Pinterest’s ads and shoppable pins have turned the platform into a fully functional platform for sales brands. From fashion and accessories to cookware, brands with loyal followings have seen successful on the platform. Some of the most impactful campaigns in the past few years have been brand’s partnerships with successful pinners, like Target’s collaboration with Who What Wear.  However this year we saw more of an emphasis on branded content and ads, as well as increased analytics with Pinterest’s new marketing partners like Buffer and Adaptly. Testing these ads, slideshows, and displays is a must for those with an audience on Pinterest.

What can we expect from Pinterest in the coming year?

People have long said Pinterest was a female dominated platform, but the site is seeing 40% of new sign-ups coming from males, while 55% of those searching are men. They have also started to encourage video content and their “suggested for you” and search features continue to evolve to function in a more Google-esque manner. Staying vigilant and avoiding getting married to one strategy keeps you flexible and allows you to move nimbly with the platform and make adjustments as needed.


When Microsoft acquired LinkedIn, it boded changes and new information on the platform. So far, things have remained fairly similar; though rolling out new ways to find freelance jobs and specialists, as well as an increasingly popular job board makes the acquisition more interesting. We’ll be interested to see how LinkedIn premium and other monetization ideas play out under Microsoft’s watch.

How could LinkedIn provide a better advertising experience in 2017?

For years, LinkedIn has been trying to lure users back to its platform through a desktop redesign, tweaks in its messaging platform, and more. However, this touted “social network for professionals” just isn’t measuring up. LinkedIn continues to feel impersonal and fails to connect with its users. If they can adjust the platform to feel more informative, likening it more to a brainstorm session as opposed to a job interview, we believe the platform could find its footing.

While the ad platform still mostly functions as sponsored posts, display ads, PPC, and InMail, the B2B opportunities are numerous and are worth exploring. We’re not holding out for any major changes in 2017, but we’ll be keeping our ears to the ground.


While YouTube remains mostly the same: a platform for content creators and brands to share longer-form video messages, we’ve seen a rise in video ad buys and changes to the model. Original premium content will be a big part of YouTube’s next wave of programming with YouTube Red.

Is the YouTube Red the message next year?

YouTube is taking advantage of the music audience on the platform with YouTube Red. Producing original content, leveraging the musicians on the platform, and more has helped YouTube continue to stay relevant while other platforms expand their video offerings. For brands, partnering with content creators, utilizing pre-roll and display ads are still growing, with the top 100 advertisers upping their spend by 50%. We’ll be watching to see where this goes as Hulu and other streaming video vie for space at the top of the streaming video model.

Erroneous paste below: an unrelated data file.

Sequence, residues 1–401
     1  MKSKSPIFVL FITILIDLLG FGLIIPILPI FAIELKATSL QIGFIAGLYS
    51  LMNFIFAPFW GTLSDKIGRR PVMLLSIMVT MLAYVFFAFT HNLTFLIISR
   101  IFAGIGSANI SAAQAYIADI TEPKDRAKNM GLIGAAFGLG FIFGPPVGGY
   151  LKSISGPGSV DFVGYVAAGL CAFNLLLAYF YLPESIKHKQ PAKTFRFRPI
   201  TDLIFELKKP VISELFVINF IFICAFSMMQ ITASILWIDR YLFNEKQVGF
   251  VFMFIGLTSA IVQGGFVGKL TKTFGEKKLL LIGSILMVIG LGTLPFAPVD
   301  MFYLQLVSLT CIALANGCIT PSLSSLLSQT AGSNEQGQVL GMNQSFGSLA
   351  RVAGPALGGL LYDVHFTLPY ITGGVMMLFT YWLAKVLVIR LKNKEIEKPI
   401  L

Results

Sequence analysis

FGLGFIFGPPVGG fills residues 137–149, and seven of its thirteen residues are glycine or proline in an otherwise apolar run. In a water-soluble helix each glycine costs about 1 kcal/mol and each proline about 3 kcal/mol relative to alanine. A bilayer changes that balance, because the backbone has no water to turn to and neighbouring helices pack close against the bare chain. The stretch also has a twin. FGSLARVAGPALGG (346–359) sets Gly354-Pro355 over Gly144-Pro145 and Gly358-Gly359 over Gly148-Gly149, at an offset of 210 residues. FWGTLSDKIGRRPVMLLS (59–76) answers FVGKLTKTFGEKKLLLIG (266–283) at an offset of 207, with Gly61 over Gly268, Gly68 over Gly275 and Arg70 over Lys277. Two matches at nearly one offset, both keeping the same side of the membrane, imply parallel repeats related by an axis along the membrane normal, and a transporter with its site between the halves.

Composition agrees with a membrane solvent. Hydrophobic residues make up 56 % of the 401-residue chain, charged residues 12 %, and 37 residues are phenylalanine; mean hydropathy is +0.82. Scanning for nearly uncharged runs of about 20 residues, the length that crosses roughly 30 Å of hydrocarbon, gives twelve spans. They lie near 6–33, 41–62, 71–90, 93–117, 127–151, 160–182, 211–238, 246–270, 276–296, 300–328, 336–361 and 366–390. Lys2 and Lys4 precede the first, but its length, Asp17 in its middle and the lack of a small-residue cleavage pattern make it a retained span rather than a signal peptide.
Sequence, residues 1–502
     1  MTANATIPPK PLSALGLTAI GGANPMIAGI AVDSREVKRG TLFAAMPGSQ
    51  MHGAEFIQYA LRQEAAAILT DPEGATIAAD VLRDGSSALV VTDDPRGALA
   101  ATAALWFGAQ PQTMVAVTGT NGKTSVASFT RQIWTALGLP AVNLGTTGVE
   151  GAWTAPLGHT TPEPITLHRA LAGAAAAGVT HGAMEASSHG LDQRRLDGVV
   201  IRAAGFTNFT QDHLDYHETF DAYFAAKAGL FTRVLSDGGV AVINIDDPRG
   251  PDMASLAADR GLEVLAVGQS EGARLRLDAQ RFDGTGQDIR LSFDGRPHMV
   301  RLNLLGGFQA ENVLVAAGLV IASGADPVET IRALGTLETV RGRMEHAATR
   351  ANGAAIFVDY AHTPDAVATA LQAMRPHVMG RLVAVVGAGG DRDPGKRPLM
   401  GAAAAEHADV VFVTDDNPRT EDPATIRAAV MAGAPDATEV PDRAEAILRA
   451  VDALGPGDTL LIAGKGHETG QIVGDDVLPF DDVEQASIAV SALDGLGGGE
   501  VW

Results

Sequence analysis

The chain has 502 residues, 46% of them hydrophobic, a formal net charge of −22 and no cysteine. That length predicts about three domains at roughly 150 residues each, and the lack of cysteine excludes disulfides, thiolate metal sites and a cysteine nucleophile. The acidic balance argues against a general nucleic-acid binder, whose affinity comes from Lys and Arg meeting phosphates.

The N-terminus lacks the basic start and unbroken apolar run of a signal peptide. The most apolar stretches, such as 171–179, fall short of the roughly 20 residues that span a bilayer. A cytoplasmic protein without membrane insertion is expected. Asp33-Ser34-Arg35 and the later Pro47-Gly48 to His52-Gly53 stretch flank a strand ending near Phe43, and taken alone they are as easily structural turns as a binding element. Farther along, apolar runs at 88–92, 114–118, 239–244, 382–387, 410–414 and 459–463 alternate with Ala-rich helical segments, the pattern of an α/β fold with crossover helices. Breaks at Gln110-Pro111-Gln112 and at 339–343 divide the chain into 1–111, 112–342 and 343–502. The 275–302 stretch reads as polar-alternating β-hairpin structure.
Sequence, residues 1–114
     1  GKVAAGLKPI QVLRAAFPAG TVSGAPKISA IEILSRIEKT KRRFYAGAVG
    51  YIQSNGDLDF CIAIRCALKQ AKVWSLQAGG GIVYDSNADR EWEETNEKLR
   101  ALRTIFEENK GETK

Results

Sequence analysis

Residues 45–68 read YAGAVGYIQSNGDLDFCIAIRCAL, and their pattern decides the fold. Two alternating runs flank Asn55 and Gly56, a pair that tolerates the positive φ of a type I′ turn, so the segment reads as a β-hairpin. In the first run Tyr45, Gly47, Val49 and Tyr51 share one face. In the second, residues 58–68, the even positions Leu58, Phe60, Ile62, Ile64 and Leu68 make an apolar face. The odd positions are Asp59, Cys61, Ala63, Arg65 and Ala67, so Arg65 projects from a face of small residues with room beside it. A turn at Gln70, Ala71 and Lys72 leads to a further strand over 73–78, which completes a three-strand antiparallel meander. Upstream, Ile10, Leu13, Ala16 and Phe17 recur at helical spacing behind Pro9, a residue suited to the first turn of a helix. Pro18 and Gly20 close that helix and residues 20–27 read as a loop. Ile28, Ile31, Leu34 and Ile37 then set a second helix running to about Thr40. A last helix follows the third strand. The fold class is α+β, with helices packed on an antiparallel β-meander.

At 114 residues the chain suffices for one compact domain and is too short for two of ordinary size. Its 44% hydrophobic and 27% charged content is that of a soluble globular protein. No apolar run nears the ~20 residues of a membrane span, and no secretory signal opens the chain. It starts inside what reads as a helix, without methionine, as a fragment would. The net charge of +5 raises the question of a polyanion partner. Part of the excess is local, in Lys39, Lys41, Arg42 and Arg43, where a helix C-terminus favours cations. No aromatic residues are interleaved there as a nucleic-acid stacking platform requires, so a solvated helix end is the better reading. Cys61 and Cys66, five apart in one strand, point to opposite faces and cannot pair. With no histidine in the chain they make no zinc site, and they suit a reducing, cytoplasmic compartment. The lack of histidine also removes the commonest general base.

While Google+ has been hanging on, it still struggles to achieve the user base that makes it an advantageous platform for companies to focus on. If innovations make it more relevant we could see developing a strategy for this platform, but in general focusing on your reviews and rankings is likely the avenue to pursue with Google.

Could Google+ become more relevant in 2017?

According to Google, there are 300 million users on Google Plus. But last year, an independent study from digital marketing agency Stone Temple Consulting found that less than one percent of Google users are active on Google Plus. Eric Enge, Stone Temple’s CEO, estimated that 111 million users have an active profile and just 6.7 million users have at least 50 posts ever.”

Will the new updates be enough to keep Google Plus alive and relevant? The outcome looks bleak—considering none of the changes incentivize users to be more active—but only time will tell.

Top 5 Social Media Marketing Considerations for 2017

What does this evolution in social media bode for 2017? The sky is the limit as far as digital advertising goes. These are our top takeaways and things for your company to consider when planning your 2017 digital marketing strategy:

  • If you haven’t yet, consider creating interactive ads, videos, and other collateral that supports your brand and promotes your products or services. These can be leveraged across multiple platforms as well as your website.
  • Be nimble. While you may feel confident about your strategies, it’s important to be ready to change with the platforms in an age where failure to evolve can result in the death of a brand on social media.
  • Don’t adopt a one-size-fits-all strategy. The kind of content you put on each of your platforms should feel uniquely relevant and useful. Your Instagram post won’t necessarily work on Facebook or Twitter. Your blog content might be best suited for LinkedIn.
  • Know your audience. When you’re marketing on social media, you’re reaching people in a different mindset than when they’re googling your brand. You should be reaching them with the kind of content they want on the platform, as well as recognizing the purpose of each network so they get the information and content they want at the right time in the right place.
  • Everyone has heard they should diversify, but have you actually done it? Most brands are guilty of being too Facebook-centric, but now more than ever it’s imperative that you have adapted to and embraced the newer kids on the block.

Keep an eye on the horizon for new and evolving social media platforms to help your company stay ahead of the curve.